Press Reviews for Draumalandið
- In Your Speakers
- The Line of Best Fit
- FACT Magazine
- Dusted Magazine
- Music Ohm
- Record Collector
- The Milk Factory
- Alarm Magazine
- The Silent Ballet
When you divorce a soundtrack from its source, there is a real sense that you’re placing it at a disadvantage. Created for a distinct purpose, and with sequences and shots in mind, a soundtrack stands or falls on its ability to accompany and enchance the visual elements you see on screen. Having said that, the best soundtracks do work as separate entities – the inherent drama and emotional resonances working as abstracted possibilities instead of particularities. Having now seen some chunks of Draumalandið, the film for which Valgeir Sigurðsson’s soundtrack of the same name was created, my impression is that the soundtrack manages to straddle both these outcomes – in situ it’s a powerful piece of work, managing to augment and mirror the immensity of themes explored by Andri Snaer Magnason’s and Þorfinnur Guðnason’s film; yet as a stand alone venture it retains its sense of drama and purpose.
Draumalandið is a film about fear and corruption, based around Iceland’s slide towards bankruptcy and the ways in which the government has manipulated the situation to expedite harnessing and brutalising the country’s natural resources to pay for the damage – primarily by encouraging the multinational Alcoa into making Iceland the largest producer of aluminium in the world. As Magnason puts it, ‘Iceland sacrificed two large rivers to Alcoa…Our government sold them cheap energy and doubled the energy production of Iceland – just to meet Alcoa’s needs. Alcoa needs enormouspower – about four times more energy than the whole nation uses.’ The double-bind behind all this is that generally speaking, the population welcomed the move (or at least were already saw it as a fait accompli) – seeing it as a way of securing the economic future of the regions involved, and the country as a whole. The film is as much about this tension as it is about the extraordinary sublimity of the Icelandic landscape and the pernicious behaviour of politicians.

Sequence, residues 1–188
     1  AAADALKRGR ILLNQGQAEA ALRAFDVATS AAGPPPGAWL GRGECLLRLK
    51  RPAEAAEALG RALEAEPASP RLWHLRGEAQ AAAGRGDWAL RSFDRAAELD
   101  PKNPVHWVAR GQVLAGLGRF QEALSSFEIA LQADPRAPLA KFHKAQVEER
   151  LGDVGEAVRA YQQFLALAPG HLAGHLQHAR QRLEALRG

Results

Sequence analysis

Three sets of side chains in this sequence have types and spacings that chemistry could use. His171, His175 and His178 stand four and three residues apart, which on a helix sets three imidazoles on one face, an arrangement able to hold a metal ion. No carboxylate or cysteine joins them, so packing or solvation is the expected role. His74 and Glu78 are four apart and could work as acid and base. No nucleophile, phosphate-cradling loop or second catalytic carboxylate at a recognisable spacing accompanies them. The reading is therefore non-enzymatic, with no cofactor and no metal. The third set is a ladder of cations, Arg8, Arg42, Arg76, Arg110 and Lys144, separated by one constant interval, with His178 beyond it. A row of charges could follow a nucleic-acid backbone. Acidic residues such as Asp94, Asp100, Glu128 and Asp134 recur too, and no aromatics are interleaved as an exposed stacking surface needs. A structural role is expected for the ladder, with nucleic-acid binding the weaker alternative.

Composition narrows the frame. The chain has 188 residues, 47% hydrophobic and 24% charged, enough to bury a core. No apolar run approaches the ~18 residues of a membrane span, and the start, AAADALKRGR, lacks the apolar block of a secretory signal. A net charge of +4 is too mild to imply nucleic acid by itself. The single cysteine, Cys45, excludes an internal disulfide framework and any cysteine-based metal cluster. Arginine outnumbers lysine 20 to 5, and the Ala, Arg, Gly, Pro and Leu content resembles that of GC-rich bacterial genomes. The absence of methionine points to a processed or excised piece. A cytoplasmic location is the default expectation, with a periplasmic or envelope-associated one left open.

And it’s this palpable tension that Sigurðsson captures so well. Generally speaking (‘Helter Smelter’ excepted) the score doesn’t attempt to overload the emotional content, preferring instead to use a more painterly approach, using the full Bedroom Community roster (including Nico Muhly, Sam Amidon and Ben Frost amongst others) to work a low-level drama and menace, and a sense of quiet sadness into the visual gaps. And Sigurðsson is no stranger to drama, both in his own solo work and in his varied production work – an impressive collection of talents that includes Bjork, Hildur Guðnadóttir and Bonnie ‘Prince’ Billy; but despite the subject matter he generally resists the urge to ramp it up here.
The soundtrack’s central motif is a simple repeated piano progression, overlain with glockenspiel and strings – it bolsters the title track and re-appears in ‘Draumaland’ albeit in a more subdued fashion. It embodies the soundtracks twin airs of sadness and vague peril, a pairing best explored on the last two tracks, ‘Nowhere Land’ and ‘Helter Smelter’, both towering tracks in their way – the former for its subtle sweep of strings, the latter for its near-bestial violence, driven by a growling Ben Frost drone. Outside of this, however, the mood is one of quiet and contemplation. As such, vignettes like ‘I offer prosperity and eternal life…’ ‘Hot Ground Cold’ and ‘Laxness’ are beautifully restrained and very simple creations made from little more than piano and buried fluttering strings. ‘Grylukvæði’, featuring Sam Amidon on vocals, despite it’s ominous backwards strings is similarly quiescent.
Overall, Draumalandið is a forceful and poignant piece of work, and as part of the larger film project its quite outstanding. Seek both out if you can.
The Line of Best Fit (March 16th 2010)
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